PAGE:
“The next thing I do before studying God’s word is to pray for His help to understand it; and for the Holy Spirit to show me what I’m supposed to learn from it.”
Beau enthusiastically added, “Like Paul said in First Corinthians?”
“Right… ”, I said with a smile. I explained that once I’ve prepared myself to study God’s word, I set my plate at the altar of God; asking Him to fill it with what I need that day. I added that I never know what I need exactly, but I’m learning to trust God to give me what I need.
My buddy then asks, “So where does the meditating part come in? When do you chew on God’s word?”
“Well”, I respond, “that’s the digestion part of meditation. After we feast on God’s word, we may be full, but we don’t get the greatest value from it until after we digest it.” I likened it back to the cattle. They initially eat, but then it takes up to three days for the food to pass through their digestive system. During this time, they’ll chew their cud several times to continue breaking down the material so more nutrients are released into their body.
I described some of the ways I meditate on God’s word throughout the day, and sometimes weeks or months, until I’ve gotten the maximum amount of goodness from it I can get. Some of those ways are prayer, further study and research, or simply making quiet time to let the Holy Spirit speak to my heart while I think about what I’ve read. Patting my young friend’s knee, I told him “We should remember that the more we transmit, the less we can receive.” My goal was to remind him how important listening is to learning.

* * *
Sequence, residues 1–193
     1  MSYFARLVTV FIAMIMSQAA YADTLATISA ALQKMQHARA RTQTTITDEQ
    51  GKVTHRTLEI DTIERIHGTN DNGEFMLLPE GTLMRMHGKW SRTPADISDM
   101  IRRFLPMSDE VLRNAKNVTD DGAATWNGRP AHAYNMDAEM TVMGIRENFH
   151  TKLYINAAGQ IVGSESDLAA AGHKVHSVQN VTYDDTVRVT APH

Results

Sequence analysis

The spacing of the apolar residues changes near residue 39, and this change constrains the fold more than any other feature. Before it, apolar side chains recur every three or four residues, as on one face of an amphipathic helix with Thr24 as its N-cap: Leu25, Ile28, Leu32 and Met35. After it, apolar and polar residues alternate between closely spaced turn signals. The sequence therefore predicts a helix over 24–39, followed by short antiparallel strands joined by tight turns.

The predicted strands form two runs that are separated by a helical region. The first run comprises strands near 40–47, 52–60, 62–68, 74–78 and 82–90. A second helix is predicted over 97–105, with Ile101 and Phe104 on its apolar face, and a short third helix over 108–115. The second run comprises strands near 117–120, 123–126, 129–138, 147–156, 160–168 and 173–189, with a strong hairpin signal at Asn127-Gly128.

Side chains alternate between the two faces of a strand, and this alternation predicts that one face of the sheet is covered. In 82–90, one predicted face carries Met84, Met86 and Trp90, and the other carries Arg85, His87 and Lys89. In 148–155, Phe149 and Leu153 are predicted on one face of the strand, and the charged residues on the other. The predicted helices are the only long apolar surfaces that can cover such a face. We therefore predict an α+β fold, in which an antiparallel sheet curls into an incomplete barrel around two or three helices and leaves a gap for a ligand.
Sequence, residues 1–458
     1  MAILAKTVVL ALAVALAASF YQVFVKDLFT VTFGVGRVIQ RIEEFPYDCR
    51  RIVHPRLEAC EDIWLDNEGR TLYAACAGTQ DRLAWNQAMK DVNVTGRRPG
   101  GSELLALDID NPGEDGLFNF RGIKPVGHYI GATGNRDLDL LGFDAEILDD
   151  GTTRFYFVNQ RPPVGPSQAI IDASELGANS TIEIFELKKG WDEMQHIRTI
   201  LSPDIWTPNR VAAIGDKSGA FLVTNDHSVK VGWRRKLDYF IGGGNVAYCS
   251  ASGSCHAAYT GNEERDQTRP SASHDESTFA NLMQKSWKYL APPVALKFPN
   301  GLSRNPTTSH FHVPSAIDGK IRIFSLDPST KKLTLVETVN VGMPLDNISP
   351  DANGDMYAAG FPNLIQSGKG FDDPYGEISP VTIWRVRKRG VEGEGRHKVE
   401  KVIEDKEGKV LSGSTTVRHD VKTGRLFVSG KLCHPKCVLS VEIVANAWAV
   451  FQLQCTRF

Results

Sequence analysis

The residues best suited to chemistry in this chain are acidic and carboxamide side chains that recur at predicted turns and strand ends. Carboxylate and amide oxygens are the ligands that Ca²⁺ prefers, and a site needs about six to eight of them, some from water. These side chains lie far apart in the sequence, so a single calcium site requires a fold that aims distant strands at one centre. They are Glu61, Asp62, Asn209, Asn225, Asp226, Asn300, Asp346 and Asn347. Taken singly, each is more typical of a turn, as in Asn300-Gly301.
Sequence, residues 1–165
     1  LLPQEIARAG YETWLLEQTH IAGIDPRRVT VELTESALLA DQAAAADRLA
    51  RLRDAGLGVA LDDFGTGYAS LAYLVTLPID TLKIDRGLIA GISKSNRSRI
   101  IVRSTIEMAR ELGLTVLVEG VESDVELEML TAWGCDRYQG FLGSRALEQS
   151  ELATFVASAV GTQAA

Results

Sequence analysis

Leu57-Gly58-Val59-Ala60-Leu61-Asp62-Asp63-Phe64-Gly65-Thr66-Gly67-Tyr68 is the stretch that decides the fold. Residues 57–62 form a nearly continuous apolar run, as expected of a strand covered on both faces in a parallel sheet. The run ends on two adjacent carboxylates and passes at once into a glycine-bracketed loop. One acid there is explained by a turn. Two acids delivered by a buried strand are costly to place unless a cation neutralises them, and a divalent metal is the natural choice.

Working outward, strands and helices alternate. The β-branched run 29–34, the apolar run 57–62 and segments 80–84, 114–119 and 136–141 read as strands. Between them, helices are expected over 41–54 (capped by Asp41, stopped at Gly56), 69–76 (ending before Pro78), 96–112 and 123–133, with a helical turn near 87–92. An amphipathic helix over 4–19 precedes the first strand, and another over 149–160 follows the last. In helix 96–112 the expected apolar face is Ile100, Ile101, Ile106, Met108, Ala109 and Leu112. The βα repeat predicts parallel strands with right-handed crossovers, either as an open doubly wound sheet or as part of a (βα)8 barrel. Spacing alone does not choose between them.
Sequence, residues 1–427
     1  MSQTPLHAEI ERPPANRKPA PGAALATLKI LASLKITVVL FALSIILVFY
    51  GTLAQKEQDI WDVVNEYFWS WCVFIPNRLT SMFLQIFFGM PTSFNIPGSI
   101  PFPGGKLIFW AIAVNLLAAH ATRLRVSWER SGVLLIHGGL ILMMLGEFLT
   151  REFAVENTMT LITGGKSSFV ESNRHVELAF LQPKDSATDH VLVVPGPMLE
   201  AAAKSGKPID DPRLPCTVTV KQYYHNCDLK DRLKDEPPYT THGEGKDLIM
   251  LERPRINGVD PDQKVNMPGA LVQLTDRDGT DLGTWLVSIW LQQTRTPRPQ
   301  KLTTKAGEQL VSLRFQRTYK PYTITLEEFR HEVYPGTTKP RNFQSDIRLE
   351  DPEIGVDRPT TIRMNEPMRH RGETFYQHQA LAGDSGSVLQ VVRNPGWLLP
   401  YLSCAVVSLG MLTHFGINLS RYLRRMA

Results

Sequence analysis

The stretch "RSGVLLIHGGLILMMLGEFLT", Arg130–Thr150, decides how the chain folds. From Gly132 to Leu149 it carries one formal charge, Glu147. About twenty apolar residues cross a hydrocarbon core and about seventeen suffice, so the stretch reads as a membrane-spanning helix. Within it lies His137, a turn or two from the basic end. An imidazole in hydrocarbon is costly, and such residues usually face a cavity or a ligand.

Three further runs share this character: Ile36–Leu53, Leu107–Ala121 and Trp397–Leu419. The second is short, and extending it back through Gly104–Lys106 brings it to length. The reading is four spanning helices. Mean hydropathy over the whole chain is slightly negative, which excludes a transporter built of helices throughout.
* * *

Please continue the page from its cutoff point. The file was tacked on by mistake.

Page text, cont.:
As my largest Hereford, Ms. Lynn, released a loud belch, Beau chimed “That must’ve been a good lesson!” We laughed as I started the UTV. It was time to get that fencing done. As we drove along the fence line, I silently prayed that God would bless the time I spent with this young man and He would help him learn to better digest God’s word in his life.It never ceases to amaze me how God can teach us valuable life lessons using the most mundane things found in His world; even a cow’s digestive process. Click To Tweet
I pray you ask God to show you how to get more from His word each day.
Please join me each Thursday evening at 9:30 Eastern as host Coach Mark Prasek and I take a trip Around the Cross-Dubya on PJNET TV. We discuss this week’s blog post, offer insight about the lessons learned, and enjoy the fellowship of friends in the live chat room.